Australia Joins Nations Against Death Penalty
By Esther Tanquintic-Misa | November 20, 2012 5:46 PM EST
Australia, along with 109 other nations, on Tuesday supported a resolution at the UN General Assembly urging for the elimination of the death penalty. The declaration is voted upon every two years by member-nations.
Thirty-nine countries, among them the United States, Japan, China, Iran, India, North Korea and Syria, voted against the non-binding resolution in the assembly's rights committee. Thirty-six other countries, meantime, abstained.
At the last vote two years ago, 107 countries backed the resolution. The uptick in the number of support was a "great result," according to nation Norway's Twitter account, which gave off a large amount of time to generate supporters for the abolition.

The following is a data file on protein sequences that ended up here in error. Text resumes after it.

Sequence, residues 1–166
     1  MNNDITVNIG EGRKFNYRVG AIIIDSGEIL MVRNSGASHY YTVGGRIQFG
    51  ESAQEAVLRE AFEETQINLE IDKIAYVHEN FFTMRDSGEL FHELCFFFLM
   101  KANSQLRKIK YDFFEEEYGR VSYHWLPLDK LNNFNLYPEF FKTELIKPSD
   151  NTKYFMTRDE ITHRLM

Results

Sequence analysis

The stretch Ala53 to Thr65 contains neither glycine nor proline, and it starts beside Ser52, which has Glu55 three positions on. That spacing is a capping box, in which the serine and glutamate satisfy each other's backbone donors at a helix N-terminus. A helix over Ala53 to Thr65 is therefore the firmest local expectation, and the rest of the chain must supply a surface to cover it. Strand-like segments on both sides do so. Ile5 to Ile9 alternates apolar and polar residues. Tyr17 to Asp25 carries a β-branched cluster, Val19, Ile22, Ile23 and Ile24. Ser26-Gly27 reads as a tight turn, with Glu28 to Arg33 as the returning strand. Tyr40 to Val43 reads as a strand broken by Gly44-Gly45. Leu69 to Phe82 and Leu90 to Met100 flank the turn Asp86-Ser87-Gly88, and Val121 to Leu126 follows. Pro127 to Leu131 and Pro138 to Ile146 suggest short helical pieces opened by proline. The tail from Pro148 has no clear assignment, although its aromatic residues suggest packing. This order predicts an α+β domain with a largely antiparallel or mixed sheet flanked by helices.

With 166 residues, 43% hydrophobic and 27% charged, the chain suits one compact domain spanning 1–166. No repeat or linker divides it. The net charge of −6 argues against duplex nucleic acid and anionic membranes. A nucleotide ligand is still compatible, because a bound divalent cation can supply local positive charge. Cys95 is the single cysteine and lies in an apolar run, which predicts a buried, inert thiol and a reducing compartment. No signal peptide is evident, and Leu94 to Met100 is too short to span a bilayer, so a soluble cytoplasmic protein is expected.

In June 2013, a world congress against the death penalty will be held in Madrid, Spain.
The Australian reported, citing Amnesty International, that China alone in 2011 had put to death thousands" of prisoners, without detailing exact numbers.
Other nations using the severe form of capital punishment include Iran, Iraq and Saudi Arabia.
About 150 countries have eradicated using capital punishment, according to the United Nations. In 2011, the state of Illinois in the United States became the 16th US state to abolish the death penalty.
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